Var department in southeast France recorded their first locally acquired, or indigenous dengue fever case, according to a report in The Connexion today.


The patient contracted the illness despite not having traveled to a part of the world where the virus is known to be circulating in the past 15 days, the Regional health authority said. 

“At the moment, this is a unique and geographically isolated case and there is no immediate concern about the patient’s condition,” health officials note.

This comes after researchers from University of East Anglia (UEA) said the dengue fever risk in Europe will increase as long as climate change heads on it’s current path.

“Our study has shown that the risk of dengue fever is likely to increase in Europe under climate change, but that almost all of the excess risk will fall on the coastal areas of the Mediterranean and Adriatic seas and the North Eastern part of Italy, particularly the Po Valley,” said lead researcher Professor Paul Hunter, from UEA’s Norwich Medical School.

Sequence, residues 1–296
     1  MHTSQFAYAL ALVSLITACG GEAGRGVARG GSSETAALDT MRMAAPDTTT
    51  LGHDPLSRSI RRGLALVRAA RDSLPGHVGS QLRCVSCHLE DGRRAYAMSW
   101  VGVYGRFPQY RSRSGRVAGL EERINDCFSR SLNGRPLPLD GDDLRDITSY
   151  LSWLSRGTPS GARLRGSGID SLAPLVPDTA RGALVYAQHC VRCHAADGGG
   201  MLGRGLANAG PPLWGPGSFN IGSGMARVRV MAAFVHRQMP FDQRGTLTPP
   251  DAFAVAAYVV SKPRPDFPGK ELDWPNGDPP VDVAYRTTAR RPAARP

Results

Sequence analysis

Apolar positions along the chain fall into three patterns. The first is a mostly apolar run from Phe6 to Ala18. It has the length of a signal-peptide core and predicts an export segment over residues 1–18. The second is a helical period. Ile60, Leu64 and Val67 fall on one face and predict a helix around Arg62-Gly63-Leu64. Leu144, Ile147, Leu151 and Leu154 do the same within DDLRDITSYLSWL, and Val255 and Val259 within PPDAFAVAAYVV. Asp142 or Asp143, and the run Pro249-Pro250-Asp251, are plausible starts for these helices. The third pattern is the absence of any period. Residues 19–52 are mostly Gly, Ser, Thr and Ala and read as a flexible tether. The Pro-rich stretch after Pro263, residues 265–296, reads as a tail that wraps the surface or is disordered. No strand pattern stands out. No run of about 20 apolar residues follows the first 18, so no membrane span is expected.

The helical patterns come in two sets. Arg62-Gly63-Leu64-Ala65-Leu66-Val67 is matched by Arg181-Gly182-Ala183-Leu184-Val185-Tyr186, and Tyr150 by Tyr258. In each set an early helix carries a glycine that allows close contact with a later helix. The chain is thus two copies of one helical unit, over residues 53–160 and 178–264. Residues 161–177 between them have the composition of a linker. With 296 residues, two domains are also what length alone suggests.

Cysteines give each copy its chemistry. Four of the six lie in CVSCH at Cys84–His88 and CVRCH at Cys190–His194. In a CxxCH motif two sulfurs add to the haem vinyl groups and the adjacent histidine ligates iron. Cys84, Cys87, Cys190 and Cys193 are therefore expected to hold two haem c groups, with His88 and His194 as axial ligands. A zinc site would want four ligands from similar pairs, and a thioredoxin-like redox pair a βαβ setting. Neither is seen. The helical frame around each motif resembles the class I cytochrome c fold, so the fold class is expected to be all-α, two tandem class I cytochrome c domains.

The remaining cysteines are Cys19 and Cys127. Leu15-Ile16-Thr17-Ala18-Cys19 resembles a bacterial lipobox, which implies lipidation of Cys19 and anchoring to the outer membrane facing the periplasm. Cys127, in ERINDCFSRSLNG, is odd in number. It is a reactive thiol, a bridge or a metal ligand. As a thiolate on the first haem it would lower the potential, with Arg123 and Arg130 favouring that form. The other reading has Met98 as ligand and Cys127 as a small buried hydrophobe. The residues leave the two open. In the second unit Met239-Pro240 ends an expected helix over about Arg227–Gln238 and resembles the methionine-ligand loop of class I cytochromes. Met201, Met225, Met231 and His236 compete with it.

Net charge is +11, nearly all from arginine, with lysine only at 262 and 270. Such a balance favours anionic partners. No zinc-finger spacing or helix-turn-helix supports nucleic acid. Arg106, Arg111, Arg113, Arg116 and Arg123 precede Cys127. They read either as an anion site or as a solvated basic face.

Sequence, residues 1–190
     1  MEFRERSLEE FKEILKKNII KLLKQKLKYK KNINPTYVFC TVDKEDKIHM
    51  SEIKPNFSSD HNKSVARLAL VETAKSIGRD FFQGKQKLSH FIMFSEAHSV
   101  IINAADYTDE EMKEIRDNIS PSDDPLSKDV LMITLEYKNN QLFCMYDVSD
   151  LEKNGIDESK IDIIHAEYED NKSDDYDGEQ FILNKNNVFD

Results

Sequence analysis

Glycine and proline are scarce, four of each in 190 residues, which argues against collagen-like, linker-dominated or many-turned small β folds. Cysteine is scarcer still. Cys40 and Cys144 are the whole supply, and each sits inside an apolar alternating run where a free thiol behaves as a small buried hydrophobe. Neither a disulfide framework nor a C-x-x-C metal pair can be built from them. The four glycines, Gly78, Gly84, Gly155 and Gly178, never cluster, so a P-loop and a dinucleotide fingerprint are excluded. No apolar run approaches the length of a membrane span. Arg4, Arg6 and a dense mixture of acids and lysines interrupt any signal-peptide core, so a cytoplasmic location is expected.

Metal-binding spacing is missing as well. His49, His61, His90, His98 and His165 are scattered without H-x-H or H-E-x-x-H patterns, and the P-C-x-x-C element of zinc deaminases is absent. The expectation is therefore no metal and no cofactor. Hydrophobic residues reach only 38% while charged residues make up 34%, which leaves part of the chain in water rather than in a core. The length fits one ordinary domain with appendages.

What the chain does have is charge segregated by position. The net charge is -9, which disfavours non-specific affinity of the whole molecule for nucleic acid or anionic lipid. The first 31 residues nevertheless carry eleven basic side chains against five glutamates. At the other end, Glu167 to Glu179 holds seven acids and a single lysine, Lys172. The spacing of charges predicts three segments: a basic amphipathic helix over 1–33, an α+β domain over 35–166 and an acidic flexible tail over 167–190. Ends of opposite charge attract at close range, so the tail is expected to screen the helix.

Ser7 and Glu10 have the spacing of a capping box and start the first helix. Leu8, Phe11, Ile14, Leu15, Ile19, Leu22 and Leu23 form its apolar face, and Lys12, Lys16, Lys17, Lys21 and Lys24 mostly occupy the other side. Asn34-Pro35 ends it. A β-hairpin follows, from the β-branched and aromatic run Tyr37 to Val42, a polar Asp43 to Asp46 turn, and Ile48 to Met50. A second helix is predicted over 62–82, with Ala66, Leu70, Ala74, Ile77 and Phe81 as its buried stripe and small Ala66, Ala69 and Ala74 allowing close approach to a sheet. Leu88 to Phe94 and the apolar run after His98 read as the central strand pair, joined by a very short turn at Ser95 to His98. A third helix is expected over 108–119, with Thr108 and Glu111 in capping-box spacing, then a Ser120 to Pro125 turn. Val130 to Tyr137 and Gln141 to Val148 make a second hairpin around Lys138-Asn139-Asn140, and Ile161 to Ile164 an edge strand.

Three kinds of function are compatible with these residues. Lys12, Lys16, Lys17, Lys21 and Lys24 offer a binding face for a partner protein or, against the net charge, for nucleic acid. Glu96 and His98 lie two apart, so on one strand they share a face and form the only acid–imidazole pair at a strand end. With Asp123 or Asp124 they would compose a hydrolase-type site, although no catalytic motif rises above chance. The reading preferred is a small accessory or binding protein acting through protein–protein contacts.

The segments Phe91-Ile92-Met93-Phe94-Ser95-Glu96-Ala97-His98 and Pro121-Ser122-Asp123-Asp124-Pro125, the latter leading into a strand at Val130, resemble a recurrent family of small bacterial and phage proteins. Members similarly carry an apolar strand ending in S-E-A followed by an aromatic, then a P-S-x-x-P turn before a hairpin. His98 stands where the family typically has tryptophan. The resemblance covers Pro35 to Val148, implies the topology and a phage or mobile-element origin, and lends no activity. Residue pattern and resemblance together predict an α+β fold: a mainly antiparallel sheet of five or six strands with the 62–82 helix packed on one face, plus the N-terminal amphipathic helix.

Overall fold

The study is published in the journal BMC Public Health where they look at dengue incidence and various climate variables in Mexico.

Dengue fever is an infectious disease carried by mosquitoes and caused by any of four related dengue viruses. This disease used to be called “break-bone fever” because it sometimes causes severe joint and muscle pain that feels like bones are breaking.

People get the dengue virus from the bite of an infected Aedes mosquito. It is not contagious from person to person. For more infectious disease news and informationvisit and “like” the Infectious Disease News Facebook page

There are three types of dengue fever in order of less severe to most: the typical uncomplicated dengue fever, dengue hemorrhagic fever (DHS) and dengue shock syndrome (DSS). Looking for a job in health care? Check here to see what’s available

The World Health Organization (WHO) estimates there may be 50–100 million dengue infections worldwide every year. However, new research from the University of Oxford and the Wellcome Trust, using cartographic approaches, estimate there to be 390 million dengue infections per year worldwide.

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